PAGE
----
More supporters rallied yesterday behind embattled US Secretary of Defense Donald Rumsfeld, whose future at the Pentagon has been called into question by several prominent retired generals demanding his resignation.
Retired generals John Crosby, Thomas McInerney, Burton Moore and Paul Vallely said Rumsfeld was "arguably one of the most effective secretaries of defense our nation has ever had."
Writing in the Wall Street Journal, the four generals said that as long as Rumsfeld retains the confidence of US President George W. Bush, he will make the important calls at the top of the Department of Defense.
"That's the way America works," the generals said. "So let's all breathe into a bag and get on with winning the global war against radical Islam."
On Sunday, former chairman of the Joint Chiefs of Staff Richard Myers told ABC television that military officials -- even in retirement -- should keep their criticism to themselves.
"It's inappropriate, because it's not the military that judges our civilian bosses," said Myers, who left his post as senior US military adviser six months ago.
At least six former generals have called for Rumsfeld's ouster, some of whom held key combat commands and staff positions during the Iraq war. They say the defense secretary ignored military advice and deployed too few troops to pacify Iraq.
Myers denied that military leaders failed to speak up when they disagreed with Rumsfeld and Bush.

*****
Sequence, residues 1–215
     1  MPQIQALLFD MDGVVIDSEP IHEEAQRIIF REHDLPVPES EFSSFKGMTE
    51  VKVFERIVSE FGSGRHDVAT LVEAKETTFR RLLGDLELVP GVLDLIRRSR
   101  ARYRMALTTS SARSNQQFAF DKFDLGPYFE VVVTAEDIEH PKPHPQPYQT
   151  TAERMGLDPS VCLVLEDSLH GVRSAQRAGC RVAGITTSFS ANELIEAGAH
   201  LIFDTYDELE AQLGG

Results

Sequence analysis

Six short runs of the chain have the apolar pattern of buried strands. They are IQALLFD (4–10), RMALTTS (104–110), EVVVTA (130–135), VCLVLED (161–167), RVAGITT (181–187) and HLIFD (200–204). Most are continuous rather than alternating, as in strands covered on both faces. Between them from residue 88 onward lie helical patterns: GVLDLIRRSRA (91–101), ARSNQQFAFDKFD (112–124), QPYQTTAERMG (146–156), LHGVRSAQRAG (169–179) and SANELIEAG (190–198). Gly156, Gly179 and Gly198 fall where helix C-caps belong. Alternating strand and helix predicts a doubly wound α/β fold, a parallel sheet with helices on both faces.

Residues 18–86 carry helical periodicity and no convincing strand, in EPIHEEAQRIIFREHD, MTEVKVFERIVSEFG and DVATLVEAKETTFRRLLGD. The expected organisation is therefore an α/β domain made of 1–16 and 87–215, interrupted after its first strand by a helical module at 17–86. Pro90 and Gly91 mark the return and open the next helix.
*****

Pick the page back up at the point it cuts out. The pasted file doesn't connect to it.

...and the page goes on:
"We gave him our best military advice and I think that's what we're obligated to do," Myers said "If we don't do that, we should be shot."
However, Democratic Senator Christopher Dodd said the few generals who have dared to speak out represent just a fraction of the far larger number of detractors.
"Generals are not in the habit, even as retirees, to go around being critical of the civilian leadership. This is a very, very important event," he told the Fox News Sunday television program.
Republican lawmakers defended the president's choice.
Senator Mitch McConnell called Rumsfeld "a spectacular secretary of defense, one of the best in American history," also appearing on Fox News Sunday.
The late president Richard Nixon's secretary of state, Henry Kissinger, speaking on CNN television's Late Edition program, hailed Rumsfeld as "a distinguished public servant who has done an outstanding job."
"The issue now is whether in order to deal with a decision made three years ago, one should undertake the blood-letting that these generals are asking for," he said.
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